Documents reveal that former NDP Alberta Environment Minister Shannon Phillips was monitored by Lethbridge police in a fishing expedition for information to attack her because she had proposed environmental policies that they were personally opposed to. There is also a report that there was a plan to drug her in a local bar. This kind of behaviour needs to be strongly disciplined because if there are no or weak consequences when it is discovered, it will fuel even more of this kind of activity, of which I am sure there are numerous other examples not yet out in the open. Furthermore, with the police tending strongly towards right-wing ideology and governments, most of those unjustifiably monitored, whether politicians or not, are on the left. I also suspect environmentalists to be a top target. A friend of mine was banned from the US during the Trump era with his only problem being he had done a PhD in environmental physics and spoken about the risks of global warming.
Over the last four years, Lethbridge NDP MLA Shannon Phillips has had suspicions that some members of the southern Alberta city's police force have been monitoring her. A cache of newly released documents shows she was right.
Back in 2017, when Phillips was Alberta's environment minister, Lethbridge police officers took surreptitious photographs of her at a diner and posted them anonymously on the internet. But Phillips believed there was additional evidence she was being watched. So in August 2020, she put in a request under the Freedom of Information and Protection of Privacy Act (known as FOIP) on herself and the Lethbridge Police.
The result, which she received late last year, was 9,308 pages on a compact disc. Almost all of it is blacked out in full or in part, but the several hundred unredacted pages released and viewed exclusively by CBC News contain startling revelations.
Over the course of 11 months in 2018, Phillips's name was searched eight times by five different police officers, one of whom is now retired, as well as one civilian employee.
Alberta Justice Minister Kaycee Madu said Monday afternoon that he was "outraged" by the report, and the fact that it happened "to an elected official is even more disturbing." Madu said that "the men and women of law enforcement possess a great deal of power, and all Albertans should be outraged when that power is abused." The minister said he would be meeting with Lethbridge's chief of police and the chair of the Lethbridge Police Commission on Tuesday to discuss the matter. ...
The searches revealed in the FOIP request were "a fishing expedition, for reasons of snooping or wanting to engage in gossip," Phillips said in a recent interview with CBC News. "There is no reason associated with the search in those records." The FOIP request also revealed that a complainant told police they believed Phillips was meant to be drugged at a Lethbridge bar in 2016 — an allegation that police never shared with Phillips. ...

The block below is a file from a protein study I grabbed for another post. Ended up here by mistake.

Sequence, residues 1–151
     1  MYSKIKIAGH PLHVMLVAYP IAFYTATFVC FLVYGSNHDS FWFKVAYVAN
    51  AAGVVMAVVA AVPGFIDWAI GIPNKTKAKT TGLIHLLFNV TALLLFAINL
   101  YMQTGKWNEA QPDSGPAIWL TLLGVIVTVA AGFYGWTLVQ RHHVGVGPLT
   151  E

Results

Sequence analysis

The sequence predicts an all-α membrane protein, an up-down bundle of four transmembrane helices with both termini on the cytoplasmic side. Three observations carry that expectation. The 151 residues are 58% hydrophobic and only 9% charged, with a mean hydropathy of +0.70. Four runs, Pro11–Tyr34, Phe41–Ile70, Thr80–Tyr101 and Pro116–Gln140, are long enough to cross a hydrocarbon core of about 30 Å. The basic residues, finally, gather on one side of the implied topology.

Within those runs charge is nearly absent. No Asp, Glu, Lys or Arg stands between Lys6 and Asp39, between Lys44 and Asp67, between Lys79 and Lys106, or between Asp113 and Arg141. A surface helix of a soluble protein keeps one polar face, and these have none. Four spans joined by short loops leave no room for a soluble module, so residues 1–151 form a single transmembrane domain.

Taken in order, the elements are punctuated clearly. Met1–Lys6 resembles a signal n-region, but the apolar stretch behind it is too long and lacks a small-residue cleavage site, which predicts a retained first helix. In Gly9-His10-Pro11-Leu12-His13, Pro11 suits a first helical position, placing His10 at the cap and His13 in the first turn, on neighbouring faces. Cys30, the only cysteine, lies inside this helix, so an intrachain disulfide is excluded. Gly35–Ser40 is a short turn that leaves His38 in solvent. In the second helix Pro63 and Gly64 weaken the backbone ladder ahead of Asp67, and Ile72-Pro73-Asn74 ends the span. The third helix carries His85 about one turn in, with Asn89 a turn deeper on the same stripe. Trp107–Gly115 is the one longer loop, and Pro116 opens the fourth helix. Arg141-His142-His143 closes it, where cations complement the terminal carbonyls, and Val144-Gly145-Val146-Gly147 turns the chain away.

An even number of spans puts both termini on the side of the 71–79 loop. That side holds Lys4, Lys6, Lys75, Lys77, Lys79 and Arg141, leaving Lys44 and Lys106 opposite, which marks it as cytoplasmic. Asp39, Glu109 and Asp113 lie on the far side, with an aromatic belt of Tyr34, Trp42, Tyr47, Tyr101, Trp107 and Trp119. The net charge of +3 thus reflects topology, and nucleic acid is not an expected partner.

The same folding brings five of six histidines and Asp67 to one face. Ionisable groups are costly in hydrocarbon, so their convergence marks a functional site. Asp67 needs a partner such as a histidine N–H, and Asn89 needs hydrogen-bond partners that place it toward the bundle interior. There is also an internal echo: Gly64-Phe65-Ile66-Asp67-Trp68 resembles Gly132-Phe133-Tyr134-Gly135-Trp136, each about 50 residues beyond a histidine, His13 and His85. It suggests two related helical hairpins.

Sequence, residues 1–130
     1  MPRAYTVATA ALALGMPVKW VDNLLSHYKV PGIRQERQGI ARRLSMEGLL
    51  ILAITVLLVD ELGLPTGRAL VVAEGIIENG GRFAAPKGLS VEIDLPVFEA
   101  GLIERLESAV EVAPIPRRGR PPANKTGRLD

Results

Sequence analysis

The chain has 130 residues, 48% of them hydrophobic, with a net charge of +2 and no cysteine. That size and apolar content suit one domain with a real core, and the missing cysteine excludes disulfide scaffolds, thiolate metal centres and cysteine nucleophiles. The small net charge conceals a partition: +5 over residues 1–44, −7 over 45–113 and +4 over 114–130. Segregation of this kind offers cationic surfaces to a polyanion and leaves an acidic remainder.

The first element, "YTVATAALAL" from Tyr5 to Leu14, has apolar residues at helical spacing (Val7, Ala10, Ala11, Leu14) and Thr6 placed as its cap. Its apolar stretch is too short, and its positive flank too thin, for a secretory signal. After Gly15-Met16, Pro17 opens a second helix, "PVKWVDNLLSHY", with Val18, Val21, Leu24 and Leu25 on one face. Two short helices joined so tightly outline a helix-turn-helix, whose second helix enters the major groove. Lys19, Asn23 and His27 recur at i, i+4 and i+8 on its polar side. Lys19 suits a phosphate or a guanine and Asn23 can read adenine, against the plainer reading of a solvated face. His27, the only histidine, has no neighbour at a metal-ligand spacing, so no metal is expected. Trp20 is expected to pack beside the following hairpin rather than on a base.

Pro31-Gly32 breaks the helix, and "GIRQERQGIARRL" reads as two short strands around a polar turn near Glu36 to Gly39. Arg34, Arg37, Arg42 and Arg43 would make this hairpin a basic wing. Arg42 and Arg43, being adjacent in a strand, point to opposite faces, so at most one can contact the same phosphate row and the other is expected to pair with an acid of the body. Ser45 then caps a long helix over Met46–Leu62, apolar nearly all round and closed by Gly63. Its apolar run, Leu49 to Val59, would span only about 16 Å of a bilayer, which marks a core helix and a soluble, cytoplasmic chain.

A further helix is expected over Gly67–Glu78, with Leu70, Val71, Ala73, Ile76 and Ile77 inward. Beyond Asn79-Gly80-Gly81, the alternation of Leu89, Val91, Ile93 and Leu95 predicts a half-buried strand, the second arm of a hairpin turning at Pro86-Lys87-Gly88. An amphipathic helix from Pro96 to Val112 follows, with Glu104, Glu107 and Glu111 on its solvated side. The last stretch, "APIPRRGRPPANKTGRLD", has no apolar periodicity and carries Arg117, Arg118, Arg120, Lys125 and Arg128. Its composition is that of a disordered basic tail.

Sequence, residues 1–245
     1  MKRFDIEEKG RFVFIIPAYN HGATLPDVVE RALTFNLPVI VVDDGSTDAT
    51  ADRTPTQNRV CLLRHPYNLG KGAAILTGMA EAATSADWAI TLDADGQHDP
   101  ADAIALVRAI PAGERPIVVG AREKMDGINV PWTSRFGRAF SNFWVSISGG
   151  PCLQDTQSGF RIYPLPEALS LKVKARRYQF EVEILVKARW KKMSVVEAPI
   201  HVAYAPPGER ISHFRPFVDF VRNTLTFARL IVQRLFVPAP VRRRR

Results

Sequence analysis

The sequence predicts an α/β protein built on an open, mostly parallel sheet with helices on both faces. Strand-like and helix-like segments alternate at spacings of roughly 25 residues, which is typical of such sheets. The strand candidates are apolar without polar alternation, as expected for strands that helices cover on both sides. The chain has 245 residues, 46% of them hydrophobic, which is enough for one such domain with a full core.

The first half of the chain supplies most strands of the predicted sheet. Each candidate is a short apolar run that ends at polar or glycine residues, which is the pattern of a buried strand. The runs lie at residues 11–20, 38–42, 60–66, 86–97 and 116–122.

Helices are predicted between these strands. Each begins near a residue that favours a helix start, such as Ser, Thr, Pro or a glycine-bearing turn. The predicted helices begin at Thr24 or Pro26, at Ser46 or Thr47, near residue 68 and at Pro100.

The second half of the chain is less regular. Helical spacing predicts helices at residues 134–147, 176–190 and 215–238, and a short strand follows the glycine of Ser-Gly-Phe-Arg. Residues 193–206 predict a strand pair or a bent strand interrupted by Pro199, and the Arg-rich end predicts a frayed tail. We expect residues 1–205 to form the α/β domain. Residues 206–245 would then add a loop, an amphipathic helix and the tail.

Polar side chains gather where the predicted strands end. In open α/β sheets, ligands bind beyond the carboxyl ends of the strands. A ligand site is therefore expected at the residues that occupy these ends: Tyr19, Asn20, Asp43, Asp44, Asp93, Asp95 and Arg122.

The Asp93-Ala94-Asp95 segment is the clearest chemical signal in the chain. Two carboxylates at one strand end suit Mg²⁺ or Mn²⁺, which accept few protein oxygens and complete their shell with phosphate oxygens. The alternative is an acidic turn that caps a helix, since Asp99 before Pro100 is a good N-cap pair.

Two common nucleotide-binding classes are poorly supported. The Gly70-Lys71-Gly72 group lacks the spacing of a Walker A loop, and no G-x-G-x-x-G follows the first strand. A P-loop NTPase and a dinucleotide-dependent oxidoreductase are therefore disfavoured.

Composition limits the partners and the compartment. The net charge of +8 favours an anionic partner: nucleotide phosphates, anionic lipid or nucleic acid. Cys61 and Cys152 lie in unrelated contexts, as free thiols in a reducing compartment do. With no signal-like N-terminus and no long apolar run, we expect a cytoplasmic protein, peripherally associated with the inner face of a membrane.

The records indicate that:
- On Jan. 9, 2018, Phillips's name was searched by civilian employee Alyson Dunsmore and one police file was accessed.
- On Feb. 9, 2018, now-retired Const. Ross Bond searched Phillips's name three times and opened two police files with Phillips's name.
- On March 5, 2018, Const. Joel Odorski searched Phillips's name and opened one police file.
- That same day, Deputy Chief Scott Woods and Staff Sgt. Peter Christos also searched Phillips's name and opened police files.
- On Nov. 29, 2018, Const. Derek Riddell searched Phillips's name and opened a "person entry," which means he did not access a specific police file.
Both Woods and Christos are associated with the Professional Standards Unit, but Lethbridge Police will not confirm if there was an active investigation that required them to access Phillips's records. There is no investigative or professional standards purpose listed in the documents. ...
Michael Bates, Phillips's lawyer, wondered just how far the information obtained in the searches might have gone. "If they were [done] for a personal reason, a non-law enforcement reason, what happened with the information? Where was it spread? How did it get used?" Bates said he hopes the ASIRT investigation tracks what exactly was done with Phillips's personal information. "Those are really key, important pieces to try and get to the bottom of." The searches of Phillips's name are not the only explosive details the documents revealed. While going through the documents, Phillips was chilled by a March 2016 complaint made to police by a person whose name was redacted. The person told police that six days prior, they believed they had been "drugged while drinking at the Owl Bar," a reference to a popular pub in Lethbridge. ...
Phillips said she wasn't told anything about the alleged drugging. Despite being listed as a complainant on the police report, she only learned of the unsettling allegations while combing through the documents released to her under FOIP. "So this was March of 2016 that this evidently happened," said Phillips. "I'm listed as a witness in the police report and I find out about it on December 8th, 2020?"